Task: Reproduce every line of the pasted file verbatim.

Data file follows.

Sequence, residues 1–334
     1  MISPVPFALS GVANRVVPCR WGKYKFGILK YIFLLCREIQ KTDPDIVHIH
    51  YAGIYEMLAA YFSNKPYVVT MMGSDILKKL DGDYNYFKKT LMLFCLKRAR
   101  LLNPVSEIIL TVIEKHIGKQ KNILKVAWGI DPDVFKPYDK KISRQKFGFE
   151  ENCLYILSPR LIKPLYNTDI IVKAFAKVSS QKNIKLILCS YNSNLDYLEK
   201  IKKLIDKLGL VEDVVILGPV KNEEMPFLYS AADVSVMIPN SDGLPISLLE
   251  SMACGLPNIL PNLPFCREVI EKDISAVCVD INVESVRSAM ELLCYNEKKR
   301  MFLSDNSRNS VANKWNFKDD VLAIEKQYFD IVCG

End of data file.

Sequence, residues 1–334
     1  MISPVPFALS GVANRVVPCR WGKYKFGILK YIFLLCREIQ KTDPDIVHIH
    51  YAGIYEMLAA YFSNKPYVVT MMGSDILKKL DGDYNYFKKT LMLFCLKRAR
   101  LLNPVSEIIL TVIEKHIGKQ KNILKVAWGI DPDVFKPYDK KISRQKFGFE
   151  ENCLYILSPR LIKPLYNTDI IVKAFAKVSS QKNIKLILCS YNSNLDYLEK
   201  IKKLIDKLGL VEDVVILGPV KNEEMPFLYS AADVSVMIPN SDGLPISLLE
   251  SMACGLPNIL PNLPFCREVI EKDISAVCVD INVESVRSAM ELLCYNEKKR
   301  MFLSDNSRNS VANKWNFKDD VLAIEKQYFD IVCG